"In Steve Farmer's case," (who was with the Dukes from "Baby Please Don't Go" until Migration) "he can't play guitar and he can't sing on stage. He sings like a bitch in the studio and is a fine writer, but he has no place on stage. I tried to teach him some licks and get him to play really well. It turned out that his dynamite writing and great studio vocals just weren't enough to keep up with the group. In other words, whenever the Amboy Dukes go into the studio or need a writer, Steve's always there. Or, he hastily added, "I'd like to think that, but he can't play guitar and there's just no room for friendship on stage."

"I'm still best of friends with Steve; John Drake and Rick Lober, too, for that matter. Drake and I played together for six years. Rick was really mentally uptight with us because I wouldn't let him smoke dope on stage or at practice. We decided that neither one of us could stand it."

Although this musical tyrant's relations with Farmer and Drake remain cool, things weren't as mutually well understood in the case of Rusty Day (who, by the way, according to (sort of) reliable sources is now singing with the Vanilla Fudge!?). "Rusty hates my guts. It's great," sneers Nugent. "It's true. Rusty threatened to cut my arms with a razor. That was after I hit him in the head with a pipe. But he was in the back of the limo and couldn't reach me. That was coming back from the Fillmore. You can't pinpoint the conflict with Rusty. If you were Ted Nugent he'd hate you. It must be the combination of the letters." Right on, Ted!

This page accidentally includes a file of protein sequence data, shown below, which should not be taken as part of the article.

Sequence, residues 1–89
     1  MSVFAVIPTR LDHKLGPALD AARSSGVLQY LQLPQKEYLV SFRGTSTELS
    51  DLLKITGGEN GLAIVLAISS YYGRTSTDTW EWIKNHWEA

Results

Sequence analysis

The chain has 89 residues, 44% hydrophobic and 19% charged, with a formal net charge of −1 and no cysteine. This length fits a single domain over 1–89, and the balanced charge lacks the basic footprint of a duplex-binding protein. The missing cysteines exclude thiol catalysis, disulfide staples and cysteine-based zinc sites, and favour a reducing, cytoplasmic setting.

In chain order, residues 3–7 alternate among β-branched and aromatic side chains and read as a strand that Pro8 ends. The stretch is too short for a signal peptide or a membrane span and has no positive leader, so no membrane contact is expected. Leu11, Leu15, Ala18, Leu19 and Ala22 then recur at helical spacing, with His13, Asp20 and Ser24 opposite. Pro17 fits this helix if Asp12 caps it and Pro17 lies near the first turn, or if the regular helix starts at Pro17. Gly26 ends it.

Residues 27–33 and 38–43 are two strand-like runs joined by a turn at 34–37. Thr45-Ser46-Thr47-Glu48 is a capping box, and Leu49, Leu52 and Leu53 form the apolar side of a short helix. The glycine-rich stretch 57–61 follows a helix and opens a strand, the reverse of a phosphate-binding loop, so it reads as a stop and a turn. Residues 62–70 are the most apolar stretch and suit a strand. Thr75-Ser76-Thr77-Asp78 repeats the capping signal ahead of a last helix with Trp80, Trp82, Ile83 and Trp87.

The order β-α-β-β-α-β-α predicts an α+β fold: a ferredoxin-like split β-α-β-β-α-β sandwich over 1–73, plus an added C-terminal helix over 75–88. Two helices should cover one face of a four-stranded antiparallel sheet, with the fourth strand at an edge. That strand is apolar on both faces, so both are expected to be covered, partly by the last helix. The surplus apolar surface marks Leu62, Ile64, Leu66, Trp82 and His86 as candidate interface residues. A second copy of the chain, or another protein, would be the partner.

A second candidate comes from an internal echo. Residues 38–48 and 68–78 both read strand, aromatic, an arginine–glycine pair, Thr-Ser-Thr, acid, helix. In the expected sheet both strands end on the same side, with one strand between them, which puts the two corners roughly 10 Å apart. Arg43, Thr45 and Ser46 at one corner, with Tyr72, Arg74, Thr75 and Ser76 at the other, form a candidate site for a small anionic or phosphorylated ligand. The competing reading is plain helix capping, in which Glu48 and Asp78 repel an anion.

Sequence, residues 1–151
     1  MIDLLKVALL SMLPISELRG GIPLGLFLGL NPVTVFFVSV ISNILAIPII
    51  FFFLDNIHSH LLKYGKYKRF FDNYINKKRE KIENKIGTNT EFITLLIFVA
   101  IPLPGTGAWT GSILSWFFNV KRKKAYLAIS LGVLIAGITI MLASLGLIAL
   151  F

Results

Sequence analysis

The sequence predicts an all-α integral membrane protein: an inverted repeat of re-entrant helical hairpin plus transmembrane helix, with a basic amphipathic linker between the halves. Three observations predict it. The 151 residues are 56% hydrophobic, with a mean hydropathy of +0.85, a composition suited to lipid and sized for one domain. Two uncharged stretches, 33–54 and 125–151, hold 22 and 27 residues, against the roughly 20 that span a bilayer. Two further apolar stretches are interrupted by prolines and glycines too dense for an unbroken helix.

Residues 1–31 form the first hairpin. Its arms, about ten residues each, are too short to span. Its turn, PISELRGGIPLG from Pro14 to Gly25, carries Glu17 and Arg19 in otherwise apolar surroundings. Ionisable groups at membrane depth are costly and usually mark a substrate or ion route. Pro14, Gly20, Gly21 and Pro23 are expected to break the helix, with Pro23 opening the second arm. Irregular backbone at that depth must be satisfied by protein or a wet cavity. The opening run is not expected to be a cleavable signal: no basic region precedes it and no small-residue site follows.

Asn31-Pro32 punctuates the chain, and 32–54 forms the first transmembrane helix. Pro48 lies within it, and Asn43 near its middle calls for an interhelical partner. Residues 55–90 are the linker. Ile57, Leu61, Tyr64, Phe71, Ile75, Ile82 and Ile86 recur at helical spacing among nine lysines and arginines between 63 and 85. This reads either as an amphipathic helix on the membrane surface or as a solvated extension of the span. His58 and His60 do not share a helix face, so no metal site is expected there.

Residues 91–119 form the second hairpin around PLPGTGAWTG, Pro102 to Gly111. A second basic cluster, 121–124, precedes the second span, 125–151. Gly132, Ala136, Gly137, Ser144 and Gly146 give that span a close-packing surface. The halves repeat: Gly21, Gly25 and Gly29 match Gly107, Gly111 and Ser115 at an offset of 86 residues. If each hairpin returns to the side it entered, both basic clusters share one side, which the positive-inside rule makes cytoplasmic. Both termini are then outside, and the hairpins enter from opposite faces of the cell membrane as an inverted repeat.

The Dukes present personnel seems pretty stable (whatever that means). Greg Arama on bass, Dave Palmer playing drums and Andy Solomon on organ, plus Nugent, have been the Amboy Dukes since Joumey to the Center of the Mind about a year and a half ago.

And then, of course, there's Nugent's notorious views on narcotics. Despite his scarfed thigh (sign of the smack freak) and seemingly drug inspired music, Nugent claims not to be at all involved with dope. And he's got his rap down tight (like the Salvation Army street crusader with an entire spiel that must be finished once he starts) and sarcastic...

"That's a hot subject ... but all right, drugs suck! I never used drugs. I take gelatin capsules. 'Oh, drugs are cool'. Numerous friends of mine have had good experiences ... two died. My drugs are my land up north and my big car to rip people's heads apart and the engine that goes 170 and all are products of my guitar. Drugs are for the druggist, but I don't see any use for them."